The book’s first section treats in a theoretical and practical vein the relationship of human rights to Islam. Anthony Chase begins by deconstructing monolithic conceptualizations of both human rights and

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Islam, and the notion that they are in a direct interrelationship. This is an argument against privileging Islam such that human rights must be justified in Islamic terms in order to be deemed relevant. In this sense it is critical of both Islamist assertions of an all-defining Islam and liberal Muslim assertions that human rights can and must be justified in Islamic terms. The relevance or irrelevance of human rights to the Arab world, to the contrary, is determined in shifting political, social, and economic context—not predetermined by a putatively unchanging cultural context. At the level of practice, Bahey el-Din Hassan’s ‘‘A Question of Human Rights Ethics: Defending the Islamists’’ begins by relating the interactions of the author—currently chair of the Cairo Institute for Human Rights Studies—in an Egyptian prison with members of Islamist groups. This neatly exposes both the shared consequences of rejecting Egypt’s political status quo, but simultaneously the differing implications of an opposition based on political inclusiveness in relation to one that implies an assertion of ideological superiority. It is clear there are no easy choices available to those advancing a human rights agenda, but rather a confusing mixture of ideological and coercive pressures. Hassan goes on to detail the moral and strategic debates that have taken place among Egyptian human rights groups regarding these pressures, debates that get to the heart of the viability of human rights discourse in the region.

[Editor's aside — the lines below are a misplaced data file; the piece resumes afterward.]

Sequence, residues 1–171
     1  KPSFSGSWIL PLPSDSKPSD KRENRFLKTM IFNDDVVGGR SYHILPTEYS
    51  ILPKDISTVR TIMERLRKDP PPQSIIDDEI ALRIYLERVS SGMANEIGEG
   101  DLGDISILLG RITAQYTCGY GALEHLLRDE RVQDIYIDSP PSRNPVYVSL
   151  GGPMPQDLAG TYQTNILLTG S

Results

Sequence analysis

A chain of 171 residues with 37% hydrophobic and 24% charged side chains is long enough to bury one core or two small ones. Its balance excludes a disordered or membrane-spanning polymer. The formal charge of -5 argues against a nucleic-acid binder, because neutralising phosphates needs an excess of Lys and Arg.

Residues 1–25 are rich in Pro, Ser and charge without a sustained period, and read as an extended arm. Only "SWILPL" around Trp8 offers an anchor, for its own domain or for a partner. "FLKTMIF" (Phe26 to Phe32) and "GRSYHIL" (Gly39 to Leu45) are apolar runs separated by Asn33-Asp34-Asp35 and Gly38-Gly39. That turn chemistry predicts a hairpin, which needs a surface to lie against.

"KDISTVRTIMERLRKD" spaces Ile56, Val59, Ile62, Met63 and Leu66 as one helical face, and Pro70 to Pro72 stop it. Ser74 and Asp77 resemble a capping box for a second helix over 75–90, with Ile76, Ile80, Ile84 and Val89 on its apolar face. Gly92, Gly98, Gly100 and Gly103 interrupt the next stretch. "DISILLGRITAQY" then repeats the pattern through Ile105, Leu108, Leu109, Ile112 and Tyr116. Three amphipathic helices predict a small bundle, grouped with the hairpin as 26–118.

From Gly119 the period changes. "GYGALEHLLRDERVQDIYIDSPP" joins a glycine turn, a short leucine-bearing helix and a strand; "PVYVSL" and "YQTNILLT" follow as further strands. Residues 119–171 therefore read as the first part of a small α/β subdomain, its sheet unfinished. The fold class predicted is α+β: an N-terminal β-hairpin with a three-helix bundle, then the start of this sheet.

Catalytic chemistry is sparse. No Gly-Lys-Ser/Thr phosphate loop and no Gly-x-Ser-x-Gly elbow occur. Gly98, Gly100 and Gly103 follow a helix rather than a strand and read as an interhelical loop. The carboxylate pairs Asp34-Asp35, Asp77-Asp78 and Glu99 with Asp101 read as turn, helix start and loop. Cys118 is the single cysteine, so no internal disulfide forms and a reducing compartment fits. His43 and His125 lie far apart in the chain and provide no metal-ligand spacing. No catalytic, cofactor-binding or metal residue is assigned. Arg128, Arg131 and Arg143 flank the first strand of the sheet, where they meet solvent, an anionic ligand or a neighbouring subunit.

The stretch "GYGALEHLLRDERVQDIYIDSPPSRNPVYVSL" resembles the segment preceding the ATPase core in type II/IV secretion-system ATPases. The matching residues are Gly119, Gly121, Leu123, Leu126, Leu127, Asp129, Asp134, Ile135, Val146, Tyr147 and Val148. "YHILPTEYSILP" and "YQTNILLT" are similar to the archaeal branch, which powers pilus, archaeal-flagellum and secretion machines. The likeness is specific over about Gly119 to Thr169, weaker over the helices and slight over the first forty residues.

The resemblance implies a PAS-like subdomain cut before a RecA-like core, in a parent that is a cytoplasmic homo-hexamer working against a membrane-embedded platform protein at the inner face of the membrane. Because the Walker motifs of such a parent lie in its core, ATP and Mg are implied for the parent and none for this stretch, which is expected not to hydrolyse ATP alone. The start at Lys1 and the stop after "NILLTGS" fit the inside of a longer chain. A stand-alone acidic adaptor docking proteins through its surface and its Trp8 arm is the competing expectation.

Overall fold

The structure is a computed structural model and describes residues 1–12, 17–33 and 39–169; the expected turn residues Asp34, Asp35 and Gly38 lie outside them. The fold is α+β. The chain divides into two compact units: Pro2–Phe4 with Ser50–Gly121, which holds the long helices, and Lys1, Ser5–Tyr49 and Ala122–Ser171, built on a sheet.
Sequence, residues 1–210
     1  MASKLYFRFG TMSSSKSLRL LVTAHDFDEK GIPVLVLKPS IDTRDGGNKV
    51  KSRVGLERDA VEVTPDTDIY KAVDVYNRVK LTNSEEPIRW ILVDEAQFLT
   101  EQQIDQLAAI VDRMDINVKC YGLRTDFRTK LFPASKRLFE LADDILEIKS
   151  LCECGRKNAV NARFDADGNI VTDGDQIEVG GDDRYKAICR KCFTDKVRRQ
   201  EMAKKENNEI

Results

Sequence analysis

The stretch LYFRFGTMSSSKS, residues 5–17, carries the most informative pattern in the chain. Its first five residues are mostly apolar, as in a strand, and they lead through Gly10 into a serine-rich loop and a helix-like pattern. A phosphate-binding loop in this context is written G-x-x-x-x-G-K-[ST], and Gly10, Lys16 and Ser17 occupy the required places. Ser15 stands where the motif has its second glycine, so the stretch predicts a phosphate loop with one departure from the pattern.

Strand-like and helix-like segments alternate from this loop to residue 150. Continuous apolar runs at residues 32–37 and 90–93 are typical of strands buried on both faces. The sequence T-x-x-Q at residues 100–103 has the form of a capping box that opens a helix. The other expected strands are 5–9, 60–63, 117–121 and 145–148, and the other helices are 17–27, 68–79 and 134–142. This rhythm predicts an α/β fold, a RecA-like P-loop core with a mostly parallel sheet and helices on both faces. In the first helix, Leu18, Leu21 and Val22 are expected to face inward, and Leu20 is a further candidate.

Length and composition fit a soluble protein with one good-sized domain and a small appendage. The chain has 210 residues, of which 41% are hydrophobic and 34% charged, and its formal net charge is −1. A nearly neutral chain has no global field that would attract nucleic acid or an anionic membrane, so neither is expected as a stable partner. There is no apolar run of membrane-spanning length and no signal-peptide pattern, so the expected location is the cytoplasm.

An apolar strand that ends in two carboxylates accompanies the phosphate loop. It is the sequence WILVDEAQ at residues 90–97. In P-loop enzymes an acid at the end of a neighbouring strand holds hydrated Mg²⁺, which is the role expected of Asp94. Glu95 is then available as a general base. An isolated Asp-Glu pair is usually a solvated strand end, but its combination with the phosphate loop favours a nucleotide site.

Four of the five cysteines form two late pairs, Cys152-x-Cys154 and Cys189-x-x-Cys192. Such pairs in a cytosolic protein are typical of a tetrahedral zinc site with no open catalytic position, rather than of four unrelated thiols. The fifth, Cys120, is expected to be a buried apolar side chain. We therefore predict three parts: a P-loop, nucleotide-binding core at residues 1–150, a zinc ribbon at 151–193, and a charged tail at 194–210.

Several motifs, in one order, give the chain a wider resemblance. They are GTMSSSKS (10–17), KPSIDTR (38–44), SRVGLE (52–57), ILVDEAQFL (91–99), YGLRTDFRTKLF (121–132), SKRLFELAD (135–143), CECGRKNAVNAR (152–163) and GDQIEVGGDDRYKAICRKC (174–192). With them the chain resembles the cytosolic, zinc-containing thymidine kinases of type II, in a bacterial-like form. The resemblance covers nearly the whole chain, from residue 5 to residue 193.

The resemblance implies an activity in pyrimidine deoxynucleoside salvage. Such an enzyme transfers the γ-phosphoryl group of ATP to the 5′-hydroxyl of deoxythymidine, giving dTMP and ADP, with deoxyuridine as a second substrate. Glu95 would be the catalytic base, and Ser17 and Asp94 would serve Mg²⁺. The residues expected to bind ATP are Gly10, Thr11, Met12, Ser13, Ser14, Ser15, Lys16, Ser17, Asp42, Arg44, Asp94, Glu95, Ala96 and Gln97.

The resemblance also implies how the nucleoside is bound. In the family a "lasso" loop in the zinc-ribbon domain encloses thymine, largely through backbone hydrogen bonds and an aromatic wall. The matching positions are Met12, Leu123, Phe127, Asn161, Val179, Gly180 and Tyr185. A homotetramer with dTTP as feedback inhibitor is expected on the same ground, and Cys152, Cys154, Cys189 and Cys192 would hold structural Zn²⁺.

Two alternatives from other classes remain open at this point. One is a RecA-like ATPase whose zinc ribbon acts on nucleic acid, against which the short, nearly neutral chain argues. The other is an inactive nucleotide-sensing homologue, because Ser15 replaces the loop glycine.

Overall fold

If this first pair of chapters give a sense of some of the theoretical and strategic conundrums faced by those advocating rights, the book’s second section gives this context by identifying the global context in which the human rights regime has impacted the Arab world. The Universal Declaration of Human Rights (UDHR) affirmation by the members of the United Nations General Assembly (with, notably, the lone abstention of Saudi Arabia among Arab states) in 1948 made rights a global political and legal force. Before that its precedents in all parts of the world were made up of murmurs more than crowning moments. These murmurs, nonetheless, set the stage for the post-World War II impact of the human rights regime. A similar timeline applies in the Arab world, with weak intellectual precedents preceding the UDHR formalization of rights into a discourse with identifiable political impacts in the region.

Amr Hamzawy, author of the first chapter in the globalization section, places this in broad context by examining contemporary intellectual discourse in the Arab world. He does this specifically in regard to globalization and how this has related to the articulation of notions of modernity and authenticity in the Arab world. As Hamzawy argues, this is the fundamental dynamic underlying debates over the place of human rights in the region. Neil Hicks, in a more specific vein, moves into contemporary

international relations theory by applying Risse, Ropp, and Sikkink’s

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“spiral model’’ for explaining the spread of human rights discourse to Egypt. This is useful in that, by putting into global context the status of human rights in a key Arab state, it shows that the strategies used to advance or repress rights are not unique to the region, but rather part of global political processes. Last, Valentine Moghadam’s chapter notes how nationalism and Islamism remain the discursive frameworks that most directly contest the idea of human rights. Moghadam remarks on this in regard to equal citizenship rights for women, but it is a framework applicable to virtually all subject areas the book covers and, thus, its theoretical framework is particularly useful.